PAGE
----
Dozens of families fled across the Syrian border into Lebanon Saturday after Syrian tanks surrounded the town of Tel Kelakh, 20 kilometers from Lebanon. Witnesses say at least three people were killed by government troops on Saturday. The crackdown in Tel Kelakh comes amid government claims that the army is pulling out of the flashpoint cities of Daraa, Banyas and Homs and that the government is opening a dialogue with the opposition.
Arab satellite channels showed Syrian families crossing by foot into Lebanon Saturday to escape a military crackdown in the nearby town of Tel Kelakh. Hundreds of men, women and children crossed a stream dividing the countries, as gunfire crackled on the Syrian side of the border.
Witnesses say Lebanese Red Cross ambulances were waiting at the border to ferry wounded Syrians to a local hospital.
The fighting and exodus into Lebanon came despite Syrian media claims that the government had set up a committee to hold a dialogue with the opposition. The Syrian daily Al Watan insisted that a high-level committee had been set up to meet with the opposition and discuss reforms.
Syrian government media claims that Salafists and other Islamic extremists are trying to overthrow the government. Saturday, it insisted that extremists were trying to set up an Islamic emirate in Tel Kelakh, forcing the army to intervene. Opposition groups called the charges “bogus.”
Hundreds of mourners chanting slogans against the government marched in the Damascus neighborhood of Qaboun Saturday to bury a man shot by security forces during Friday protests. Activists say at least six people were killed after the army and government militiamen opened fire on protesters.
Human rights groups say that more than 750 people have been killed in Syria in eight weeks of protests against the government. Pro-government militiamen have conducted door-to-door dragnets in dozens of towns and cities, arresting thousands of people with alleged ties to the opposition.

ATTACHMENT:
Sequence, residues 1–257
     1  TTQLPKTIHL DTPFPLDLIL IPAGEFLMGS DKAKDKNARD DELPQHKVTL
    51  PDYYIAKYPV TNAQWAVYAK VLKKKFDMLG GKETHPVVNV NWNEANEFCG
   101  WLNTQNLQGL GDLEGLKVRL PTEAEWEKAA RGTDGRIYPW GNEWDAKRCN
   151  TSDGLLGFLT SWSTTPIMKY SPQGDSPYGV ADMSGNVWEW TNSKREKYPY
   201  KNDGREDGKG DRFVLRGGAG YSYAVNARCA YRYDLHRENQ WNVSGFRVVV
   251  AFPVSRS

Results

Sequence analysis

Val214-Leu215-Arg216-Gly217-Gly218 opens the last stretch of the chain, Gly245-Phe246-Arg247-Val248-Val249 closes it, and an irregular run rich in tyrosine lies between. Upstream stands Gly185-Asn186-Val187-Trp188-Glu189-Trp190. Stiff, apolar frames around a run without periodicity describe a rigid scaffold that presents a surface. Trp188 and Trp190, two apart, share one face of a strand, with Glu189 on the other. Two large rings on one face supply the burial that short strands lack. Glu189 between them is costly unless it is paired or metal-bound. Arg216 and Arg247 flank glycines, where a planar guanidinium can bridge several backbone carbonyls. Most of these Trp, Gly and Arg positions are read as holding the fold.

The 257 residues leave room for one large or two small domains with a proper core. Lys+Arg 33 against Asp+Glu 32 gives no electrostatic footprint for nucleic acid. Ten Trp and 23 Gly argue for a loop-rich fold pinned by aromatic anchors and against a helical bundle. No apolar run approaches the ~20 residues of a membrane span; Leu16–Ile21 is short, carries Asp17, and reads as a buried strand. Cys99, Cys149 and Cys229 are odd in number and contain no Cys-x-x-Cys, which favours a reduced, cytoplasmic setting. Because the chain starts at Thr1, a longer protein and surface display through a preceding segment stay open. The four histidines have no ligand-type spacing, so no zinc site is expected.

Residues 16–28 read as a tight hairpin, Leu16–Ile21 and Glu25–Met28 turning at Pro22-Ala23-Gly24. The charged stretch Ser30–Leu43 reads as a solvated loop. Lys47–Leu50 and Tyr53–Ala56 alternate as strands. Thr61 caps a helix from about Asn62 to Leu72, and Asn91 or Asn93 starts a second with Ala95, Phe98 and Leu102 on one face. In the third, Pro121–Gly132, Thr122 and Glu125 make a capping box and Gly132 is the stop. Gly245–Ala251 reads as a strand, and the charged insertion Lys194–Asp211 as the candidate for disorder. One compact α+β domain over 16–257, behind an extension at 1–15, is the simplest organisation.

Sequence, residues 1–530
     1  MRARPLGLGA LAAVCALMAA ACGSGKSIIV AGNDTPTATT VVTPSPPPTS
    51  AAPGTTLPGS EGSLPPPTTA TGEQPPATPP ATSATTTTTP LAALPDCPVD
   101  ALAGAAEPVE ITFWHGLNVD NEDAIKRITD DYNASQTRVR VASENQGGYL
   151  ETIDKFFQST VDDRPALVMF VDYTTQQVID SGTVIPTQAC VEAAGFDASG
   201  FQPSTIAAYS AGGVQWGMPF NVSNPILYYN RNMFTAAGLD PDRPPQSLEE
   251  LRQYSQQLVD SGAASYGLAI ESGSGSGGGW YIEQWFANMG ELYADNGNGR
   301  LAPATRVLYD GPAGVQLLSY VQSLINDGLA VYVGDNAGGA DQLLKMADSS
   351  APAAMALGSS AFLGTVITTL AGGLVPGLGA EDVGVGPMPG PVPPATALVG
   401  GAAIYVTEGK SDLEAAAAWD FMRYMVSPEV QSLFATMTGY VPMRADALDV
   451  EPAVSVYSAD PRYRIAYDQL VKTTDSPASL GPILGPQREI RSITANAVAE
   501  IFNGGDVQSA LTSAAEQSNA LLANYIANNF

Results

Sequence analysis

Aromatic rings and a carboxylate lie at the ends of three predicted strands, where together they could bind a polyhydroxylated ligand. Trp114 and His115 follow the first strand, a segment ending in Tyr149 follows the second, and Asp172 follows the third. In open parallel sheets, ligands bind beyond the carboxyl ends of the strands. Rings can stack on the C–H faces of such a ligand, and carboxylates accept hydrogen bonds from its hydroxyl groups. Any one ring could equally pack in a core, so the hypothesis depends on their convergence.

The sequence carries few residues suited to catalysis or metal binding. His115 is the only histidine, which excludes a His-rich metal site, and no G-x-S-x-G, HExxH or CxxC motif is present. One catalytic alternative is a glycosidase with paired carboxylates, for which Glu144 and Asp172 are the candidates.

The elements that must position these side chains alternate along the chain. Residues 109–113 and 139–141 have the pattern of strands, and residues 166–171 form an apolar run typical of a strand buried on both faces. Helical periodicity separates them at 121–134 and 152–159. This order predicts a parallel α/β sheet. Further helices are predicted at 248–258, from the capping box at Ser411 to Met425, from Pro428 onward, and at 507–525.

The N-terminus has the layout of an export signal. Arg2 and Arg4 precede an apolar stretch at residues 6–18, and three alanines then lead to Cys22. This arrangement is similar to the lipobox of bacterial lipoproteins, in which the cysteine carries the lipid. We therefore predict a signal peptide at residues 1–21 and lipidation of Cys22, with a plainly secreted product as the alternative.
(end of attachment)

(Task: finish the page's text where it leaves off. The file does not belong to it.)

Syrian TV also claimed that over 6,000 Syrians had turned themselves in for a government amnesty, claiming that they were released afterwards. Citizens of several cities also told Syrian TV that they were “happy that the army had moved in to restore order” and to “arrest thugs.”
Syrian Information Minister Adnan Mahmoud told journalists Friday that the army was pulling out of the flashpoint cities of Banyas and Daraa, as the government prepares to open a dialogue with the opposition.
Veteran Syrian human rights activist Michel Kilo told al Jazeera TV, however, that the opposition would not hold a dialogue with the government “until thousands of political prisoners are released.” Syrian TV showed President Bashar al-Assad meeting with artists, insisting he listened to their ideas to “improve sectarian relations in the country.”
Hilal Khashan, who teaches political science at the American University of Beirut, questioned the Syrian government’s sincerity about holding a dialogue, following its bitter and bloody crackdown. "Calling for national dialogue all over Syria, I think, is another stalling technique. The regime is trying to buy more time. I mean, why [did they wait] until now to [open a] dialogue. The regime said repeatedly that they have authorized security forces not to open fire on protesters, yet they do, and they open fire with vengeance. So, I'm not going to take what they say at face value," he said.
Khashan argues that “the main grievance of protesters is freedom” and that their movement appears to be gaining momentum, despite the government crackdown. He adds that the “spark is starting to spread across Syria,” and that what began as a rural movement is progressing to large cities, and is in the process of engulfing Damascus and Aleppo.
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